With Her Hands: Women’s Fiber Art from Gapuwiyak
The Louise Hamby Gift
With Her Hands: Women’s Fiber Art from Gapuwiyak: The Louise Hamby Gift was curated by six undergraduate students from diverse backgrounds that are under-represented in the curatorial profession. The exhibition features selections from a gift of 100 artworks recently donated to Kluge-Ruhe by Dr. Louise Hamby that address topics of tradition and innovation, gender roles, generational change and relationships to place.
Kluge-Ruhe is training the next generation of curators while addressing the pressing lack of diversity in American museums, as part of UVA’s broader Mellon Indigenous Arts Initiative. Six undergraduate students—Barriane Franks, Antoinette Griffin, Hannah Jeffries, Helen Martinez, Diana Proenza and Victoria Morales Rodriguez—traveled to Charlottesville from their universities in Louisiana, Alabama, North Carolina, Texas, Florida and Puerto Rico respectively—to learn every aspect of designing an exhibition, from writing wall labels down to choosing wall colors. They were supervised by Kluge-Ruhe Curator Henry F. Skerritt and two UVA Graduate students in the English department, Eva Latterner and Cassie Davies.
The artworks in With Her Hands are some of 100 fiber artworks recently gifted to Kluge-Ruhe by another woman, anthropologist, professor and collector Louise Hamby. In 1991, Louise Hamby acquired her first basket from northern Australia, and over the next three decades, she amassed one of the largest and finest collections of Indigenous Australian fiber art in the world. Between 1995-2001, Hamby’s PhD research took her to Gapuwiyak Arts and Culture, where she developed close relationships with a group of senior fiber artists including Lucy Malirrimurruwuy Waṉapuyngu, Rudy Munguluma Biḏingal and Nancy Walinyinawuy Guyana. In November 2017, Dr. Hamby established the Hamby Collection at Kluge-Ruhe as a permanent repository for the research and exhibition of Aboriginal fiber art, through the donation of 100 stunning works from Gapuwiyak. This significant gift—the first in an ongoing series of donations—will make Kluge-Ruhe a world center for the study of contemporary Aboriginal women’s fiber art.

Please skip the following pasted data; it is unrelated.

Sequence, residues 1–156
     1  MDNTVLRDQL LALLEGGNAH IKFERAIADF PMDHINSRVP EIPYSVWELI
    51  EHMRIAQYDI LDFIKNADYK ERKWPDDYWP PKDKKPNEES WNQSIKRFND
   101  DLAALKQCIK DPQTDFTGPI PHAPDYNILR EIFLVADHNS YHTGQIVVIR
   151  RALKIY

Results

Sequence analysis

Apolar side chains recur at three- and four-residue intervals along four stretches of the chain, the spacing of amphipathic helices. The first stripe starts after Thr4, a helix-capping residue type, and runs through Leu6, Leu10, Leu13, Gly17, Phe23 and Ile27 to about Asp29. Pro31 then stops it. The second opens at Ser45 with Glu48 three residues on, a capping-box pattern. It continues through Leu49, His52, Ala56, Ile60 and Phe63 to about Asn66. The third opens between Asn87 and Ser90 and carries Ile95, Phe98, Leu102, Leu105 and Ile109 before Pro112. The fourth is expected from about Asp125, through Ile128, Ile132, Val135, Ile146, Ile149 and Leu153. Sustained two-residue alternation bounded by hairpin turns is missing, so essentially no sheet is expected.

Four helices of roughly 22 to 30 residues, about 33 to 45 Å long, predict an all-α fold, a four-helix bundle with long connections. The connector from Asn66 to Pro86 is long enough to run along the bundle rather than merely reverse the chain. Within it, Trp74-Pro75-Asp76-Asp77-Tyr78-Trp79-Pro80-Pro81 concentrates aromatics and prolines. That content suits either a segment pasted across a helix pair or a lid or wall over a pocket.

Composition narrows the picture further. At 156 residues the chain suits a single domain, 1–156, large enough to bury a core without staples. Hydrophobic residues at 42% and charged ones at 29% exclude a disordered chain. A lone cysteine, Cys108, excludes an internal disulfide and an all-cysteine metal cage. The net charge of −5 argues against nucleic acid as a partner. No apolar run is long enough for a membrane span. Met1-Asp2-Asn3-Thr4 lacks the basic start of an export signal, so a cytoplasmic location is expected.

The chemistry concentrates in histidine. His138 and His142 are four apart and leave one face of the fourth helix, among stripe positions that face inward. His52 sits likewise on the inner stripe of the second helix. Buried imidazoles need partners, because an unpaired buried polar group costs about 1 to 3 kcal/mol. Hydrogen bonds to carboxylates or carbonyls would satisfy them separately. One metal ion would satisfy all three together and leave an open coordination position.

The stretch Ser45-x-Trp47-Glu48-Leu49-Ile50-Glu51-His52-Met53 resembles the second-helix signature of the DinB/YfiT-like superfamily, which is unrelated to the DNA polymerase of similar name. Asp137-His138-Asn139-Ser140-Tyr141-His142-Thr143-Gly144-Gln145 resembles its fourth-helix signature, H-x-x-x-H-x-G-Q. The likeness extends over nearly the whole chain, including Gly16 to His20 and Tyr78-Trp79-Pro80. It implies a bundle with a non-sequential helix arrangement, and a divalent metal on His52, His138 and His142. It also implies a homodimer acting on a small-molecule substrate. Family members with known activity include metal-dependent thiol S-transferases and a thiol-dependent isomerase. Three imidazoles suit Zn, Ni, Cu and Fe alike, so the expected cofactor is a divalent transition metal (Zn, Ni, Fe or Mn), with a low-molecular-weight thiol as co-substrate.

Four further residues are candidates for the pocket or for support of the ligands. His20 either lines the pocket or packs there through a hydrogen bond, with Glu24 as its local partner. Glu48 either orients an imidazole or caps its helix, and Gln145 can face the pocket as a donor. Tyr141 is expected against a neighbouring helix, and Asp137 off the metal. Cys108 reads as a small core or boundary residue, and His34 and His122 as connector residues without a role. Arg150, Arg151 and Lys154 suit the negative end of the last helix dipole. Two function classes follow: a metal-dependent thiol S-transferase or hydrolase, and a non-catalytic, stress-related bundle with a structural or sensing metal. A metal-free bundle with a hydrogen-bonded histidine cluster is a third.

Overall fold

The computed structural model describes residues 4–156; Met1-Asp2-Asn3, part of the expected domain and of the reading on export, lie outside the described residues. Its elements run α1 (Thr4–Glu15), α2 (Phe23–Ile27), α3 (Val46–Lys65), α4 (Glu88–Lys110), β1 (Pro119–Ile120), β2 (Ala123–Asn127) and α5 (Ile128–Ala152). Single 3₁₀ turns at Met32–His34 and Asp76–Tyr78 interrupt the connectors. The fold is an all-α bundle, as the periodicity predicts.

The 100 diverse artworks in the Hamby donation were made between 1996 and 2013 by 25 women artists. There are thirty necklaces made from a variety of seeds, shells and nuts; mats and various forms of basketry (straight baskets, conical baskets, string bags, purses and bathi) are made from natural and dyed pandanus palm. Also included are a variety of sculptures (a canoe, a crocodile and a kangaroo) and ceremonial objects (armbands and headbands).
In addition to collector Louise Hamby, two artists from Gapuwiyak consulted on the exhibition. Lucy Malirrimurruwuy Wanapuyngu, a master fiber artist, and her daughter Anna Ramatha Malibirr, an emerging artist, visited Charlottesville for three weeks in July to curate and lead programs.
This exhibition and artist visit was sponsored by Gapuwiyak Arts and Culture, the Mellon Indigenous Arts Initiative, the Joseph and Robert Cornell Memorial Foundation, the Northern Territory Government, the McIntire Department of Art and the American Australian Association.